i recently bought a new dell vostro 3500 , it runs perfectly except for one thing , if i play a game that requiresheavy use of the graphics card the computer overheats and shuts down suddenly ,this can happen if i play a game or watch a long video while the laptop is on a hard surface like a desk , so i bought a laptop cooler and this no longer happens with videos and simple games , the problem is that the laptop overheats with a cooler running when i play heavy graphics using games like starcraft 2 or dragon age , and many others , in the starcraft 2 example it can shut down after 10 minutes of gameplay from complete shutdown(shutting down the laptop and letting it cool off completely) .
i've updates the bios from a9 to a10 , no dust visible on the air vents ,i'am using the latest drivers , using a cooler pad(not the best but not the worst) .
can this problem be fixed if i contact local dell support and have them replace the fans and get better cooling , cause this is really annoying when i try to play a game and the laptop shuts down without warning ,i'am afraid this might happen when i'am updating , is this a hardware issue or software issue( video driver??) , the laptop is still new and i have more than 4 years of warranty left ,before dell vostro 3500 i had a vostro 1500 for 5 years and i never took it for repairs, not even once , sure it gave an ungodly heat sometime but it never shut down because of it even when i left i running for months without shutting it down once , i bought the new laptop for gaming puposes mainly so what use is it when it overheats all the time ?
is there a way to make the laptop hibernate instead of shutting down when it overheats or near to it in windows? like a program that makes windows hibernate instead of shutdown when it overheats .
More active cooling may help.
As in a re-useable ice pack under the laptop.
People Flame about these saying it will build up moisture but i dont have that issue.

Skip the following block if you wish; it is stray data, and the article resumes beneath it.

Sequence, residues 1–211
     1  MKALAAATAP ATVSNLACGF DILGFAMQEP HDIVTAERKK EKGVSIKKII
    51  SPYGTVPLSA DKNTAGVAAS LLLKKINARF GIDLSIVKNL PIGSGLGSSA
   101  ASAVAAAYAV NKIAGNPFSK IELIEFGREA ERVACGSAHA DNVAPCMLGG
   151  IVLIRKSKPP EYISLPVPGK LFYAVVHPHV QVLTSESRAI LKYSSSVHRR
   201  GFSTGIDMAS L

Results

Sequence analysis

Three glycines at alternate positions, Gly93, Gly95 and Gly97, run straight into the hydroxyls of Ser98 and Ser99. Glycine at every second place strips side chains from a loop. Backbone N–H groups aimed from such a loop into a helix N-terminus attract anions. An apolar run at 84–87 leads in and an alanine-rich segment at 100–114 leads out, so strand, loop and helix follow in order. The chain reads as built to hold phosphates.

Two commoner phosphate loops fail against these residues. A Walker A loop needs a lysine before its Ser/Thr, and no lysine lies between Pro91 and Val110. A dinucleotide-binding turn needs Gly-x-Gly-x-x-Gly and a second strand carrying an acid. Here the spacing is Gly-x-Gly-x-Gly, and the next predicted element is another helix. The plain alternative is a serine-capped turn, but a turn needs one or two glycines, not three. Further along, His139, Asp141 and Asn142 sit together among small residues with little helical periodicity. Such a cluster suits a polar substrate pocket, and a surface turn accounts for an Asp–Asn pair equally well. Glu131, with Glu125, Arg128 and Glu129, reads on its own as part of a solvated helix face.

Lifoam Leisure Products 4943 The Glacier Ice Pack 62 Oz
My suggestion? RUN, don't walk to Dell support and request a repair. And get something in writing about how long the repair is warranteed. You've had it less than a year, so even if it's not covered under the "standard" terms of repair, Dell should do the right thing and fix it. This problem will only get worse.
I've had a Vostro 3500 since late 2010 and the overheating problem has been a big deal for me.
I purchased the Vostro with as many bells and whistles as I could afford --- tons of memory, upgraded processor, webcam, etc. And then it started crashing. I'm a freelance web developer. My computer is my paycheck.
The automatic shutdown is related to the laptop overheating. Dell came out to replace the motherboard and "heat sink," or whatever it's called in techno terms. This fixed the problem temporarily. But the problem's back and my warrantee has expired. The laptop has crashed twice in the past 2 days at the worst possible time. And I'm out of warrantee, so I can't even talk to Dell about it without paying $$.
So here I am, backing up my files, apologizing to my clients and shopping for a new computer.
I know technology moves quickly, but less than 3 years is a very short life span for me.
P.S.: And the idea of having to use an ice pack under the laptop is just plain silly. Who wants to buy a laptop that requires an ice pack to function?